A few rare statues and engravings show Vesta as a woman, usually veiled and with very little detail. Instead, she’s almost always represented as a fire. 

Fire was often a violent, destructive force, but Vesta was the goddess of hearth and home. She was the benevolent side of fire, the energy that cooks our food, the source of light and warmth. 

Vesta was also described as “the fire of Earth,” or “fire of life.” Vesta was the life force, the energy of life itself. Vesta was a symbol of power, energy, passion--but all of these things contained and controlled. 

Aeneas carried Vesta’s sacred fire relics across the sea, seeking a place for them to take root. She was the fire that fueled his mission and destiny. 

In fact, the whole story of Aeneas begins with fire. The city of Troy was burning. 

You’ve heard the story of the wooden horse. It was the end of the Trojan War, but this was just the beginning of a new story for Aeneas. 

Aeneas escaped from the fallen city, and led his family and a large group of survivors on a journey around the Mediterranean. 

Eventually they made their way to central Italy. Aeneas married the princess of a local tribe, and their descendants were Romulus and Remus, the founders of Rome.

The Roman poet Virgil tells the story in the Aeneid. It’s similar to the Odyssey, covers a lot of the same ground, and takes place at roughly the same time. (It’s surprising that Aeneas and Ulysses never ran into each other. I’m a little disappointed about that.)

All through his journey, Aeneas carried the religious relics of Troy, especially the pieces belonging to Vesta.

There’s an important story in the Aeneid, which is related to Vesta and very relevant to the current state of the world.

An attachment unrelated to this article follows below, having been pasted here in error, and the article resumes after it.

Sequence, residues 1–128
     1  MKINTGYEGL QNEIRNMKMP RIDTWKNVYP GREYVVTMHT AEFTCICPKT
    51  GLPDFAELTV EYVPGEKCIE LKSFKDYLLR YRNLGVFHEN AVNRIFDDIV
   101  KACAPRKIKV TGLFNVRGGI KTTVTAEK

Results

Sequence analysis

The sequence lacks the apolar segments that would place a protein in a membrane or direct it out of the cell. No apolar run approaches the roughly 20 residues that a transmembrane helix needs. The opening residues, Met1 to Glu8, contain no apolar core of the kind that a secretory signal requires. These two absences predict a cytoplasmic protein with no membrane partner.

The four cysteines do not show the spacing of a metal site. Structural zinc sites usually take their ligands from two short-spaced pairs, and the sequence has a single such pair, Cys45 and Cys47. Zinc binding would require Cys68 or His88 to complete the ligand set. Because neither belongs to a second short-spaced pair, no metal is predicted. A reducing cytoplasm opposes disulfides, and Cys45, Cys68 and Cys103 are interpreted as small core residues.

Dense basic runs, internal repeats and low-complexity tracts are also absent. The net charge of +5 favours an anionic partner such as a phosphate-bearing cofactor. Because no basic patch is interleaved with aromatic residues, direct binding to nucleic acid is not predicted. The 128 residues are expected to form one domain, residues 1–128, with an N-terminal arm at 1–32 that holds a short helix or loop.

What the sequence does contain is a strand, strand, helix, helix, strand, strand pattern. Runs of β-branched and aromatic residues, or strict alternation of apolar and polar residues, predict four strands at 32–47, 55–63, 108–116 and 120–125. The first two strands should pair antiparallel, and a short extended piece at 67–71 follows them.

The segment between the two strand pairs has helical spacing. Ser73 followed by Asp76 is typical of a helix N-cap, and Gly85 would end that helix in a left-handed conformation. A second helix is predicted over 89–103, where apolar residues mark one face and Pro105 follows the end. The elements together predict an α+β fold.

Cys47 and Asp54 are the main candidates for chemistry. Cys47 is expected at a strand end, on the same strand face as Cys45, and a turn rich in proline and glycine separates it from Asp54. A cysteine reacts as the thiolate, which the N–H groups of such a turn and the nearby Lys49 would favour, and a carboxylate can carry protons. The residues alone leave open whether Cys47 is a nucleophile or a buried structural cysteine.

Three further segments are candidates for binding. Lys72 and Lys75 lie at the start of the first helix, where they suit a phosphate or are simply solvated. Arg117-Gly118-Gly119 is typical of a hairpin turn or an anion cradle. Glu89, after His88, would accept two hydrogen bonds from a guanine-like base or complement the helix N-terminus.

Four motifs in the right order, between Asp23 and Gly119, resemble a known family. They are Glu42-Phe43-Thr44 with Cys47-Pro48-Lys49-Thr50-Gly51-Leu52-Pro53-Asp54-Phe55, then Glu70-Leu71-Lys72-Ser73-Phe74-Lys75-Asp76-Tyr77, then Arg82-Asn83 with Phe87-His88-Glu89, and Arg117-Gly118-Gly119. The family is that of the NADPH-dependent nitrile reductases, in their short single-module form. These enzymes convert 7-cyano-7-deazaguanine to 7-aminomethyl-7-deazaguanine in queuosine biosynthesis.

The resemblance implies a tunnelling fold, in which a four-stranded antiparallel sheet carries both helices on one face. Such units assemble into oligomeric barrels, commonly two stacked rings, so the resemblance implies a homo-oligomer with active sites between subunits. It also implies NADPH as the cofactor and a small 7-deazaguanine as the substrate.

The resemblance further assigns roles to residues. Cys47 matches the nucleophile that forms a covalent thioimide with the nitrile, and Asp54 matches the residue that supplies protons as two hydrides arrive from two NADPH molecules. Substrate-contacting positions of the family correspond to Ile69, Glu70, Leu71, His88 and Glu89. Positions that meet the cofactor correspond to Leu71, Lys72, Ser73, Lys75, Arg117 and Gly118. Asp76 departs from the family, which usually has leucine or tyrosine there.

At one point, Aeneas and his people were shipwrecked near Carthage, in modern day Tunisia. The travelers were fed and clothed by the generosity of Dido, the queen of Carthage.

Dido was an extraordinary woman, and there’s evidence that she wasn’t merely a mythological character. Carthage prospered for centuries thanks to Dido, and her life was filled with clever and heroic deeds. 

But she was about to meet her doom.

The goddess Venus (or Aphrodite if you prefer) set Dido's heart on fire. She afflicted Dido with an insatiable love for Aeneas. For a while the feelings were reciprocated, but Aeneas eventually sailed off to find Italy. 

When he left, Dido lit her own funeral pyre, stepped into the flames, and stabbed herself. The fire that consumed her body was the beginning of centuries of war.

Carthage would have her revenge. Many generations later, the Carthaginian general Hannibal would invade Italy and bring Rome to her knees for two decades.

Rome would return the favor by conquering Carthage, slaughtering her citizens, demolishing the city down to the last brick, and covering the land with salt so nothing would ever grow there again.

This story shows the violent, destructive side of passion. The internal fire that goes unchecked.

This fire has never stopped burning. The Mediterranean has been torn apart by centuries of violence. 

Religious passion, the sacred flame that should make people love one another and perform deeds of kindness, has exploded into a conflagration. It goes back to biblical times, burns through the Crusades, and continues today in conflicts between Jews and Palestinians, Shi’i and Sunni, Bosnians and Serbs, Greeks and Turks…

I often think about what it would take for us to hold the sacred fire in our hearts again, and turn it away from destruction. 

Justice would be the obvious answer, but we can never seem to agree on what that  means.

Understanding, compassion, and forgiveness are harder to imagine, but they are easier to reach.

I’m writing this on a cold morning in February. My fingers are numb, but there’s a fire burning inside of me. I want to learn and have new adventures and experiences. I want to bring other people together to do the same. 

Travel and learning are two bright lamps than can light a pathway out of the flames.

This is my sacred fire. What is yours?